He woke up his family and started to search the house and the surrounding vicinity but there was no sign of her. They even searched further afield into the nearby bush areas to no avail; Emily was missing. Septimus immediately became concerned for his wife’s wellbeing as, in addition to her complaining of headaches and noticing a decline in her health over the past three months, the area had been inundated with flood waters from the Pelorus River and the water had become too deep for coaches to pass through.

Search parties were deployed led by Constable O’Grady and the local newspapers reported the details of the missing woman but, by September 21st, still no trace could be found. By now, it was assumed that she had fallen into the swollen river but, due to the increasing water levels, the authorties had been unable to conduct any dragging operations.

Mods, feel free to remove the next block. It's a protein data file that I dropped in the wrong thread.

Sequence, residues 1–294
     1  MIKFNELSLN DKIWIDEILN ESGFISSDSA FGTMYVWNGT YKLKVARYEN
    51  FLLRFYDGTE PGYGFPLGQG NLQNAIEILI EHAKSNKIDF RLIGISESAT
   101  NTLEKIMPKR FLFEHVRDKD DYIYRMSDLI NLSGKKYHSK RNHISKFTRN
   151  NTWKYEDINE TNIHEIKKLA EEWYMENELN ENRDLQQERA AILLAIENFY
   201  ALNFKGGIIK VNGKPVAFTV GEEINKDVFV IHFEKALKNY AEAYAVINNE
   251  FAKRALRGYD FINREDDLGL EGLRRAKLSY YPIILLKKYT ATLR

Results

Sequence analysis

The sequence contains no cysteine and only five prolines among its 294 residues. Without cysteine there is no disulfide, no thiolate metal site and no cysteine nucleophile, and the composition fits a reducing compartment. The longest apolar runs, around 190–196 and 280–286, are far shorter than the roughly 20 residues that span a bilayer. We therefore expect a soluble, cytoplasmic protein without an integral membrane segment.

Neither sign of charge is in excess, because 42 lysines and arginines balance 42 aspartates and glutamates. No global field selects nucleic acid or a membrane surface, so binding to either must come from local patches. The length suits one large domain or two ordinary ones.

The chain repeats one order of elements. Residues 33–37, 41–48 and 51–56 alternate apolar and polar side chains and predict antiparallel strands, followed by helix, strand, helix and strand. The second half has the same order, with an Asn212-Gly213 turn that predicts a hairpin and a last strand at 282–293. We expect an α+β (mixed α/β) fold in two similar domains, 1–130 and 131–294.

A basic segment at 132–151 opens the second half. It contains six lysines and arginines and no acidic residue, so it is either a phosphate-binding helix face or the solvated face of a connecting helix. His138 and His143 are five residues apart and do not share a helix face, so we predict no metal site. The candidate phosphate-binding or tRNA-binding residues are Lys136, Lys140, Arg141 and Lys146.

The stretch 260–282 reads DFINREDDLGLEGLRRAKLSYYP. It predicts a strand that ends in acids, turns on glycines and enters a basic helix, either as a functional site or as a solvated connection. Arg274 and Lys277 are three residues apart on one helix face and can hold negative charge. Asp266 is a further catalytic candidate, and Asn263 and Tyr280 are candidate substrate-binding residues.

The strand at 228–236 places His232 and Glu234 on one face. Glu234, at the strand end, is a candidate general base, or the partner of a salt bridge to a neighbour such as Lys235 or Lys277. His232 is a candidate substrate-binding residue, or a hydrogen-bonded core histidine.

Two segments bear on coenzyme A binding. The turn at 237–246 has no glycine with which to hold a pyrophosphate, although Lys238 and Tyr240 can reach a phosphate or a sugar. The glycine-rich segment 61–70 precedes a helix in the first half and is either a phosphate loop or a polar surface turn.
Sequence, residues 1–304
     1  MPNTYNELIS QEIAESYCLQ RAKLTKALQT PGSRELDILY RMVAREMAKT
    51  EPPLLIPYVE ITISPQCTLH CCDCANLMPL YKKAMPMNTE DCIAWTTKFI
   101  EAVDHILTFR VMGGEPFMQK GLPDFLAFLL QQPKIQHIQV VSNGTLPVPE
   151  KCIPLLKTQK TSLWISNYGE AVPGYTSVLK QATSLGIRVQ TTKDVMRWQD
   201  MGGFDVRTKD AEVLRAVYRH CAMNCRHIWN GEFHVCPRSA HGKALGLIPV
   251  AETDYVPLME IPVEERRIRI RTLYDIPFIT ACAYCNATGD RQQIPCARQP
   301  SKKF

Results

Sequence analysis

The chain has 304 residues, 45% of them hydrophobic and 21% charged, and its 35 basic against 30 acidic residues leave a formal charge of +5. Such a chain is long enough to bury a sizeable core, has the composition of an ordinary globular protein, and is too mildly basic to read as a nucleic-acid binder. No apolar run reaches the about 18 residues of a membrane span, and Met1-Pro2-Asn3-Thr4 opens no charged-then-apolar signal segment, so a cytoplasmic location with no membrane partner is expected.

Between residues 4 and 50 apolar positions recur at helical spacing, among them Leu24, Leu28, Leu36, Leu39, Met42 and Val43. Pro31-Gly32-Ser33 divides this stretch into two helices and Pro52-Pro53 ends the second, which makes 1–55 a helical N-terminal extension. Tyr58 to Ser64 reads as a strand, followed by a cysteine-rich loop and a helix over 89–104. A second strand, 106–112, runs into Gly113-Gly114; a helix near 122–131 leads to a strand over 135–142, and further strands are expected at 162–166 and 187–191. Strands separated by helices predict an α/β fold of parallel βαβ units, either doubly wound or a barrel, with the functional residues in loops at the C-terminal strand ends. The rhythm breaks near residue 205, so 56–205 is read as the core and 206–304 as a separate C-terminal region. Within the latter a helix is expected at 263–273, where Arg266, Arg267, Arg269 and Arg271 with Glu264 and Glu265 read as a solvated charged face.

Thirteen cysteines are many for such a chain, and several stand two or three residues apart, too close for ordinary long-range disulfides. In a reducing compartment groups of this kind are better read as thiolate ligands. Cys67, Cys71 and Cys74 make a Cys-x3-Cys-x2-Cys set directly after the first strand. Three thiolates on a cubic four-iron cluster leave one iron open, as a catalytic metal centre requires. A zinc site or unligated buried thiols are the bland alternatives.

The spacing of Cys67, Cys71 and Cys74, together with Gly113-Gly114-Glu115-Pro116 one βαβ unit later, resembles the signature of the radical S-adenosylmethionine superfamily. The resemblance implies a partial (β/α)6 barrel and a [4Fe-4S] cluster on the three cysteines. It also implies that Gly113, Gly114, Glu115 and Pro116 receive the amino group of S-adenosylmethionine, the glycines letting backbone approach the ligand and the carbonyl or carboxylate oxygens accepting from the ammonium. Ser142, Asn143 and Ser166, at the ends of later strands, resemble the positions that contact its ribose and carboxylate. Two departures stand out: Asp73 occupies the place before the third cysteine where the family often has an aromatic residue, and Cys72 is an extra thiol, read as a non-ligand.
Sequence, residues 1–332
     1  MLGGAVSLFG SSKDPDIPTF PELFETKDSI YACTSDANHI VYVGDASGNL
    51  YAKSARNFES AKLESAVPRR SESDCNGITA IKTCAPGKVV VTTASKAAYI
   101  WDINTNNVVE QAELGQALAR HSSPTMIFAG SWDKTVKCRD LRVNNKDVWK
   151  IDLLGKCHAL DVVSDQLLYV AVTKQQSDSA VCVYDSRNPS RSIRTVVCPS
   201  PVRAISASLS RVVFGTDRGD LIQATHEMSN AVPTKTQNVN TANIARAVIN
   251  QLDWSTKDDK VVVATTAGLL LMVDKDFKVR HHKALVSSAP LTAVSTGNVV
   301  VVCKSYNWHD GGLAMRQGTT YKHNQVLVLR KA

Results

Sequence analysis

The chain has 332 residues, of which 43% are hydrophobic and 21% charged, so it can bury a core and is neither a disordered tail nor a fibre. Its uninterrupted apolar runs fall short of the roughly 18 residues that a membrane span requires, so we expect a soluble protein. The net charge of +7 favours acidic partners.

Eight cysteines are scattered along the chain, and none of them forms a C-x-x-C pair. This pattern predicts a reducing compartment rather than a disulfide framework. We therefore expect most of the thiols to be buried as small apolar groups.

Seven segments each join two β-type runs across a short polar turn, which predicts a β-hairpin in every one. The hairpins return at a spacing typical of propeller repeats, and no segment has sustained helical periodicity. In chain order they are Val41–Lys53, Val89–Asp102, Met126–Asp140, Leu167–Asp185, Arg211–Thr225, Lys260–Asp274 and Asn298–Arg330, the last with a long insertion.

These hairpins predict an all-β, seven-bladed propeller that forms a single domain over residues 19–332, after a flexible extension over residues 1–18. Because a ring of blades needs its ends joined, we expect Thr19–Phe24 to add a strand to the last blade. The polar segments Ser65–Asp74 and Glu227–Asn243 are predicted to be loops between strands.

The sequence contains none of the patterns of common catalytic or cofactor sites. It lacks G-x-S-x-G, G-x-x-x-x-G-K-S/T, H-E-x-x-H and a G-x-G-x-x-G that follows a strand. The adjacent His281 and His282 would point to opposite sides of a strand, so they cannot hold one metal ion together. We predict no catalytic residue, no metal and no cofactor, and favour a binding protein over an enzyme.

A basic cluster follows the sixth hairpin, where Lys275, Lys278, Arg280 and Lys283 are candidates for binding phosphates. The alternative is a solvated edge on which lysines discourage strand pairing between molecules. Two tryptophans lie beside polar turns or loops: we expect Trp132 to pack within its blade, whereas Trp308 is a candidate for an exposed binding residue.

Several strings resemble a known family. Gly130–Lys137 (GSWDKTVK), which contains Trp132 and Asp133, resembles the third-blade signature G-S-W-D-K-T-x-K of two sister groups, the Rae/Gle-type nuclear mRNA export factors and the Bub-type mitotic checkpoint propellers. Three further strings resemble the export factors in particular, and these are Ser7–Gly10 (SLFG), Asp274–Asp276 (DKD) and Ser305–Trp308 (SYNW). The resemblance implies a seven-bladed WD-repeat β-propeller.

The Pelorus River, where Mrs Eyes died, was a location used in 'The Lord of the Rings' and 'The Hobbit' films.

The Pelorus River, where Mrs Eyes died, was a location used in ‘The Lord of the Rings’ and ‘The Hobbit’ films.

On October 5th, William Twidle, a farmer from the Pelorus, had just started to milk his cows when one of his boys noticed an object floating on the far side of the river. He got into a dinghy and went to investigate. On pulling the object into the dinghy, he found that it was the body of a woman, so travelled to Havelock to make contact with the local police.

The family was summoned and Septimus identified the body as his wife by a ring she was wearing. Their son, Harry Dean Eyes, viewed the body and also confirmed it was his mother. He told the following inquest that, on the night before her disappearance, he had spoken to his mother at about 10pm but had not noticed anything strange about her manner. The body was also identified by Herbert Spencer Jones, Emily’s brother, who corroborated statements regarding the declining health of the dead woman.

The jury at the inquest did not take any time to conclude that Emily had lately been troubled by her health, resulting in bouts of insomnia. The verdict was recorded as ‘death by misadventure.’ She was buried at Havelock Cemetery on October 6th, 1911.